Once we had achieved MBT timing (Find out in our EFI Tuning Fundamentals online course) at the minimum boost level of 7 psi, we used the MoTeC’s electronic boost control to raise the boost pressure. With an extra 2.5 psi boost (9.5 psi peak), the engine produced 266 kW at the wheels and the ignition timing could still be advanced to MBT with no sign of detonation. Note that the stock FA20 engine runs a very high 12.5:1 compression, making it a challenging task to tune when coupled with a turbocharger. Obviously we could have pushed the boost further but we would like the stock FA20 to hold together for a little longer right now. 

So E85 allows a degree of immunity from knock which obviously lends itself nicely to high boost turbo engines or high compression N/A engines. What happens if your engine is naturally aspirated and isn’t knock limited though? We have found that even in these situations you can still expect to see an additional 5% more power, making the switch to E85 a worthwhile consideration. The only downside is that you will be burning more fuel and hence your fuel economy takes a hit. On top of that you may need to rethink your fuel system with larger injectors and fuel pumps often an essential aspect of any upgrade to E85. 

If you are interested in learning more about tuning including setting up knock control, why not begin with our free 'Bare Minimum Tuning Knowledge' course. Did we mention it's free?

Also, why not check out this article on how to find out what percentage of Ethanol is in your fuel

MoTeC m1 knock control ethanol e85 tuning

MoTeC M1 Tune showing the built in knock detection system with individual knock levels from each cylinder displayed vs the knock threshold.

MoTeC M1 Ignition Map ethanol e85 tuning

MoTeC M1 Tune showing a graphical and numerical view of the ignition timing.

Want to learn more about e85 and ethanol tuning? Check out the full Ethanol and Flex Fuel Training course here.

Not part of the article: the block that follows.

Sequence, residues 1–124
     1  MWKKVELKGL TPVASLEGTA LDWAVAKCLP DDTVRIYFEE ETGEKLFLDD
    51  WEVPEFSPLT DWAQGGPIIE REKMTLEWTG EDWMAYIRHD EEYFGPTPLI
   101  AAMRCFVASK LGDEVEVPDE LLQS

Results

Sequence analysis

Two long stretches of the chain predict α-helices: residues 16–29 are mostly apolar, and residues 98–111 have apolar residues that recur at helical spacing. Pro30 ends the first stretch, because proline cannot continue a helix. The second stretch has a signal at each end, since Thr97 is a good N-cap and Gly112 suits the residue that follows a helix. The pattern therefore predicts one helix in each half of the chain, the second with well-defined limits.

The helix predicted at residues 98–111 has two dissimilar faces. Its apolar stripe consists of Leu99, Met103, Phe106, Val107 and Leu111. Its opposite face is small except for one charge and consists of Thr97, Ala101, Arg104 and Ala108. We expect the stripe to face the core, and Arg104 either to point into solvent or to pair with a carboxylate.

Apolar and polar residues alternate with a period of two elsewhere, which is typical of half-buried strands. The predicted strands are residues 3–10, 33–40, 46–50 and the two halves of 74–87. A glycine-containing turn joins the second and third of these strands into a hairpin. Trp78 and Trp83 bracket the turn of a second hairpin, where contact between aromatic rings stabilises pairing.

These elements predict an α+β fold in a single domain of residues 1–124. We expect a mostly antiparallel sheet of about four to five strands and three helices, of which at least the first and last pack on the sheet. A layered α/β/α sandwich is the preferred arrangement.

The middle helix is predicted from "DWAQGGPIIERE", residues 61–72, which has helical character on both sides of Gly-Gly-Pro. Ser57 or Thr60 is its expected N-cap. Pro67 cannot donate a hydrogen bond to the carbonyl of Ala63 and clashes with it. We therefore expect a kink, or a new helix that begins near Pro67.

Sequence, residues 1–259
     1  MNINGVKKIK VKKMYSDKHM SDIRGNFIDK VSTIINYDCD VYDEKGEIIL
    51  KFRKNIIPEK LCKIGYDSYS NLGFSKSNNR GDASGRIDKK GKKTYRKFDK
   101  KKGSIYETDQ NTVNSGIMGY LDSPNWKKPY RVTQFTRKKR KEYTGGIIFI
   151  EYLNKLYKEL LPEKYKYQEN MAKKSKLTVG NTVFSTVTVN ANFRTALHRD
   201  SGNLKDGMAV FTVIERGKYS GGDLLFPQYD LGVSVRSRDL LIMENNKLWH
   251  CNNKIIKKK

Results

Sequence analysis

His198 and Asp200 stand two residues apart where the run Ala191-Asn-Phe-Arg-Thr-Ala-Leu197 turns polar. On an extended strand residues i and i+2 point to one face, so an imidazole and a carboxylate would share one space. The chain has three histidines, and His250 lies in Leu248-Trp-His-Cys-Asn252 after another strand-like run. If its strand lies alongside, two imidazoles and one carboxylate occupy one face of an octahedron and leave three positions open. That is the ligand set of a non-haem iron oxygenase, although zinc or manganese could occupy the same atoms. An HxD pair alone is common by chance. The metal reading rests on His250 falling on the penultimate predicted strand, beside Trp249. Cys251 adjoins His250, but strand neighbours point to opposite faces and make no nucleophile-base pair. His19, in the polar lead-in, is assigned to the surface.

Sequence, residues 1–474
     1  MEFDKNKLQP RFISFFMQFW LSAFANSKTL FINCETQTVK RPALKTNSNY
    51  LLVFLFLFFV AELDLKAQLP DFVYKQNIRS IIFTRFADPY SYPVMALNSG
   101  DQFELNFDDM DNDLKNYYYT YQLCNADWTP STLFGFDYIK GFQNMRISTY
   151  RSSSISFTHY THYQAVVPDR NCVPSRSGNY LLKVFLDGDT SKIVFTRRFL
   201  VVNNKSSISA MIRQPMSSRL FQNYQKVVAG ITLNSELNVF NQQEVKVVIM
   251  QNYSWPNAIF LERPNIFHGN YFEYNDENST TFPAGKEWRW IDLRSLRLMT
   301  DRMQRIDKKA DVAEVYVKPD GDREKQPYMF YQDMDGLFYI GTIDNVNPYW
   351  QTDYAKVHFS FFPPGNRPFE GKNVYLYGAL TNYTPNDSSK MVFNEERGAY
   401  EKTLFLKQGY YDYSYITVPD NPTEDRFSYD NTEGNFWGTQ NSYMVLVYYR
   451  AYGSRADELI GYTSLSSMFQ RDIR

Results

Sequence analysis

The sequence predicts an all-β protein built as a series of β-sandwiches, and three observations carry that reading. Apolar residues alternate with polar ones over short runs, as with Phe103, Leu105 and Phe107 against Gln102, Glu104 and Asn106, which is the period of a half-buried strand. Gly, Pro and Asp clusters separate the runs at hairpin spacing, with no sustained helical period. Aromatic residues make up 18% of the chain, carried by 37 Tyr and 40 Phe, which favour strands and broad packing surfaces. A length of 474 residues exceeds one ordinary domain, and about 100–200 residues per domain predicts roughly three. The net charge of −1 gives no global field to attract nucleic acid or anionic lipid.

• Andre Simon's profile image
    Hi Vasin,

    Right now the M1 doesn't support Flex Fuel. We are using the ethanol content sensor as a display only. In the future we are intending to use M1 Build to develop flex fuel compatibility in our Toyota 86 Package. In time we expect that flex fuel compatibility will make it to the various packages already available but for now we are simply swapping between pump gas and E85 maps.
    - Andre.Simon New Zealand
    3 years ago
  •  's profile image
    In the M1 Tune. How do I setup ethanol content sensor compensate table for fuel and ignition?
    - Vasin Thailand
    3 years ago
  • Andre Simon's profile image
    A vehicle that is flex fuel capable will include a fuel composition sensor that tells the ECU how much ethanol is present in the fuel. Based on this the ECU can alter the fuel and ignition calibration to suit. Flex fuel vehicles have a fuel system designed to handle the required volume of fuel flow when operating with a high percentage of ethanol in the fuel.
    - Andre.Simon New Zealand
    3 years ago
  • MAT BOONEN's profile image
    So I have a typhoon that states on the gas cap it will accept E85. How does the ecu know it is running E85 automatically. And wouldn't the factory injectors be too small to produce the same horsepower. Or is it almost detuned to still produce the factory HP with a different lower BSFC
    - bigmat New Zealand
    3 years ago